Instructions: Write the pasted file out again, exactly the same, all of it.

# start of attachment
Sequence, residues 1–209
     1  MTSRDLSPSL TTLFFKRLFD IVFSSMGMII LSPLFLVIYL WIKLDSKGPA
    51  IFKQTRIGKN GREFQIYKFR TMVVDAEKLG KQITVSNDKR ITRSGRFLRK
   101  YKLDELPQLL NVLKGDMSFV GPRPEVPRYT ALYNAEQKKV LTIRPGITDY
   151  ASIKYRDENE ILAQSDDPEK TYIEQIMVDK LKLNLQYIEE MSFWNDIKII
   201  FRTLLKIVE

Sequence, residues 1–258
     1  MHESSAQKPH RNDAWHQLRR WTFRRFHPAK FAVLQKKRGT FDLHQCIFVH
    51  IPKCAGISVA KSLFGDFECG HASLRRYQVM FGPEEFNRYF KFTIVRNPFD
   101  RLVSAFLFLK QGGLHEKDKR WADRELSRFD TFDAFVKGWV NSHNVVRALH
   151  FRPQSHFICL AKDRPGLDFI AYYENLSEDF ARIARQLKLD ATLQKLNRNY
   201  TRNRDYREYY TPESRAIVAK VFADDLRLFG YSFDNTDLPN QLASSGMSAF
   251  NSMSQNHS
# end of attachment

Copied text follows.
Sequence, residues 1–209
     1  MTSRDLSPSL TTLFFKRLFD IVFSSMGMII LSPLFLVIYL WIKLDSKGPA
    51  IFKQTRIGKN GREFQIYKFR TMVVDAEKLG KQITVSNDKR ITRSGRFLRK
   101  YKLDELPQLL NVLKGDMSFV GPRPEVPRYT ALYNAEQKKV LTIRPGITDY
   151  ASIKYRDENE ILAQSDDPEK TYIEQIMVDK LKLNLQYIEE MSFWNDIKII
   201  FRTLLKIVE

Sequence, residues 1–258
     1  MHESSAQKPH RNDAWHQLRR WTFRRFHPAK FAVLQKKRGT FDLHQCIFVH
    51  IPKCAGISVA KSLFGDFECG HASLRRYQVM FGPEEFNRYF KFTIVRNPFD
   101  RLVSAFLFLK QGGLHEKDKR WADRELSRFD TFDAFVKGWV NSHNVVRALH
   151  FRPQSHFICL AKDRPGLDFI AYYENLSEDF ARIARQLKLD ATLQKLNRNY
   201  TRNRDYREYY TPESRAIVAK VFADDLRLFG YSFDNTDLPN QLASSGMSAF
   251  NSMSQNHS